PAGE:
Well here we are the day after bonfire night and the days are drawing rapidly shorter. I’m down on the big lake as of tomorrow for another search for the fabled beasts that live in there. In spite of all the negative publicity Windermere has had in recent times, with forums saying it is not what used to be and it’s finished as a pike fishery I still look forward to my sessions down there. Yes it can be hard, and there some days when we wonder what the heck we are doing fishing it at all when other waters will almost always produce a run or two. But then the baitrunner clicks or the float twitches just a little, then the hours of waiting become worthwhile because it might just, possibly, maybe, perhaps be the pike of your lifetime. And for that I’ll put up with an awful lot of atrocious weather, and waiting around while the kettle boils and the year and I grow older.
To be honest I prefer the spring fishing as there are times when there is a hint of warmth in the day but there is a certain traditional magic about those sepia toned autumnal afternoons when the world seems to be holding its breath before another Atlantic depression sends the last of the leaves scurrying for cover. And anyway, I could think of a lot worse ways to while away an autumn day.
Talking of leaves, I had a fabulous trip down to the river Wye the other week when the river was low as I have seen it and the autumn colours were absolutely stunning. In spite of low water and generally hard fishing ( reports from the Wye and Usk foundation beats we were on suggested nothing was feeding at all) we had a great time. As always with a three day session you go through a whole range of emotional ups and downs, from the initial optimism in the car park then the slow decline as the reality of the fishing settles in! In this case my mate Bob had a good first day with a five pound chub and a couple of good barbel to just over nine pounds as well as losing a few in the snags but I struggled to get a bite, in spite of fishing what seemed a good swim just above an overhanging tree with trailing branches and a barrow load of snags. With the score of one tired looking chub I was a thoughtful bunny as we hit the bar that evening for a steak and a pint. Next day we visited the tackle shop in Ross to replace some of the load of feeders eaten by the slabs under the tree and came away with no real upturn in confidence as the owner had agreed with the web reports- low water and few fish. Typical!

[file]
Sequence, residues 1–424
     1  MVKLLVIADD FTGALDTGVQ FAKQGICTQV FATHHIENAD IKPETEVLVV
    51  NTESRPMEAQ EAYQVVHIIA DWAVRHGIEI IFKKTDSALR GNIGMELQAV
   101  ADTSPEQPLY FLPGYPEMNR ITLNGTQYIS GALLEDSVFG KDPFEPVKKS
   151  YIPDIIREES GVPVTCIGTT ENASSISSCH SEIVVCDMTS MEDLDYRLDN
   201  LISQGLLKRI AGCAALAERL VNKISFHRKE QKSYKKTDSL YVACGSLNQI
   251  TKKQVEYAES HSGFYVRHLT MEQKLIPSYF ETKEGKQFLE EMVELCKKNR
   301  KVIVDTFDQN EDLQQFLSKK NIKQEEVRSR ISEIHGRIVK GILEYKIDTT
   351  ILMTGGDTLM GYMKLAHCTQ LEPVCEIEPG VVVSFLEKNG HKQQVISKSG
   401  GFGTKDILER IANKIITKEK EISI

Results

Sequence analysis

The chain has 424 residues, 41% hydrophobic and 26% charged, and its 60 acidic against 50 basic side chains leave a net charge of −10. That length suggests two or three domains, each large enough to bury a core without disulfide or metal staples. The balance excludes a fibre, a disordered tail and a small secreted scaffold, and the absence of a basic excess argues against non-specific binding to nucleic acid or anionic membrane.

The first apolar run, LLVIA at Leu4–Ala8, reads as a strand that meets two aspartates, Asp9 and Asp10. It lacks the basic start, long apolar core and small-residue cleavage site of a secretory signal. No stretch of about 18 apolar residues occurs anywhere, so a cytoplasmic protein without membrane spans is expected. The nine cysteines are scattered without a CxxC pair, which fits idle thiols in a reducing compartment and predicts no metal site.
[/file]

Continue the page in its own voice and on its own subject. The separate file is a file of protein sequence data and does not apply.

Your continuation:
Undaunted, Bob returned to his snag pit swim while I opted to go a searching. First couple of spots brought no result but after lunch a move to a pacey looking reach towards the tail of a long slow pool with nice flow, a bit of cover and as I quickly discovered, a snag free gravelly area on the far edge of the current. After twenty minutes of feeding the gravel area with a right old mix of barbel favourites, the tip gave one of those tremulous quivers that suggests something investigating the freebies before a fabulous pull of a bite. As I was touch ledgering the rod was hooped over in a micro second and the first of the afternoons fish came reluctantly to the net. Next day we fished upstream of Hereford and managed only another couple but with a tally of sixteen fish including three nines and two eight pounders evenly shared between us it made for a cracking trip. I came away with a head full of autumn colours and the tranquility of the whole river filled my dreams for days afterwards. I even considered moving south for a while before a seven hour traffic snarl up made the journey home a harsh return to reality!
Now though its back to Windermere and we’ll see what that can throw at us.
If you’re interested, I’m doing a talk and slide show on Wednesday 18 Nov down at Carnforth for a new PAC group. So if anyone wants a break from Wednesday night telly come along it’ll be good to see you.. it’s at a place called the Canal Turn pub and it starts at 8.00 I think. I’ll be there from seven to get set and sorted so if you’re bored come along I’m sure you’ll be most welcome.
Meanwhile, keep safe and go fishing,
Nine and a half pounds of Wye wonder
Low water and autumn mists
One from Bobs’ snag pit